Henry Ossian Flipper's life (1856-1940) is the story of                             
                dramatic social change in America that marked the                                  
                post-Civil War period when newly freed blacks struggled                      
                for recognition and equality.

Born a slave in Thomasville, Georgia, Flipper grew up in Atlanta. An
outstanding student, he was the third black to be accepted at West Point
Military Academy and the first to graduate. His first assignment was at Fort
Still, Oklahoma (Indian Territory), as the black officers of the 10th Calvary
"Buffalo Soldiers". There he used his civil engineering training and talents
to reduce the spread of malaria by building a drainage ditch. "Flipper's Ditch
is now a National Historic Landmark.

In the summer of 1881 at Fort Davis, Texas, he fell victim to racial prejudice
and was accused of embezzling  government funds and "conduct
unbecoming an officer". Acquitted of the first charge, but determined guilty
of the second, he was dismissed from his beloved army. IN spite of this
tragic end to his military career, he then began an outstanding career as a
mining engineer. While the climax of the play is Flipper's trial, some lesser
known events that follow give an unusual insight into his character.

Held in Trust is a magnificent display of showmanship; emotional, gripping, factual,
unfortunately true, highly recommended, and well worth attending. -JH Polk, General USA,
Ret.

For the rest of his life, Flipper sought to clear his name. In 1976, nearly 40
years after his death, friends and relatives were able to have the charges set
aside and thus obtained his honorable discharge. His body was reburied in
Thomasville with full honors.  

On February 19, 1999, President Clinton gave a pardon to Henry Flipper, the
first African-American to graduate of West Point, clearing the way for Flipper
to receive an honorable discharge...118 years after his dismissal from the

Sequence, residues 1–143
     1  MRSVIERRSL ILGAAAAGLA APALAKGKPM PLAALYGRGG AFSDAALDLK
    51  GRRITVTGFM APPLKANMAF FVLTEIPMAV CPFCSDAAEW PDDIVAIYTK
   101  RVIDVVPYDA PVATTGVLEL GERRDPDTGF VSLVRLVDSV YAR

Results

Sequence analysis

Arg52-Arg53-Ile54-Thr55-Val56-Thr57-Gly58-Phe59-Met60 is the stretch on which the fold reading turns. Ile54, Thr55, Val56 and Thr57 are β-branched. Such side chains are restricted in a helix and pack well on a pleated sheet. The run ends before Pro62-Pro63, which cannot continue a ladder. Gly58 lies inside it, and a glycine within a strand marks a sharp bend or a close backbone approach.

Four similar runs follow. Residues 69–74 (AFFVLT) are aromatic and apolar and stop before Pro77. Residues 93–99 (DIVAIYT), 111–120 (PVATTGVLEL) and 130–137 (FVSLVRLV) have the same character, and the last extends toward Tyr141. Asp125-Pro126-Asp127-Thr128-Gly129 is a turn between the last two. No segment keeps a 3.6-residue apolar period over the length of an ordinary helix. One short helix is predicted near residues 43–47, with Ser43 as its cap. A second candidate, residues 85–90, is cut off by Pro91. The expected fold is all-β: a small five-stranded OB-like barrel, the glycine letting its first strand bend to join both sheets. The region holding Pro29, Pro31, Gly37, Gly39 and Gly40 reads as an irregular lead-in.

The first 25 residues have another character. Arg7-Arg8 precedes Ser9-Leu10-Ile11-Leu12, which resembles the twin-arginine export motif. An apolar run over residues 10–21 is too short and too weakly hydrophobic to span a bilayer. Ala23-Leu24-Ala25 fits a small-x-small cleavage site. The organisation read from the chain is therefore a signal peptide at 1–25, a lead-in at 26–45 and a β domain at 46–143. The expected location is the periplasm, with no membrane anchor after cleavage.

U.S. Army. Flipper's life is an interesting story. "The man we honor today
was an extraordinary American.  Henry Flipper did all his country asked him
to do" W.J. Clinton

...entertaining , educational, and inspiring. -James Revels, Col. USA, Ret.


 Held In Trust was written by Bea Bragg and                                                           
   Richard Hobbs. For more than 10 years, Bob                                                          
   Snead has portrayed Lt. Flipper in more than 250                                                  
   performances throughout the continental United States,                                     
   Alaska, Panama, the US Virgin Islands, Germany, and                                          
   Belgium. Snead has directed and acted in American                                             
   Passport, Minor Miracle, Nobody Sleeps, Purlie, I'm Not Rappaport, Driving
Miss Daisy, Twice Around the Park, and Fences.

In 1995, Snead took his performance of Lt. Flipper to the small screen with a
made-for-television movie of the play. Developed for Public Television, "Held
In Trust" is narrated by veteran actor Ossie Davis and introduced by former
Joint Chiefs of Staff General Colin Powell. The movie was awarded a
"Bronze Apple Award" for educational excellence.

Well written directed and staged, this one-act, one-man play is a showcase of Bob Snead's
sensitive and stirring performance. Bravo to all! -Robert Skimin author of the best sellers
Chikara and Grey Victory
"Held In Trust"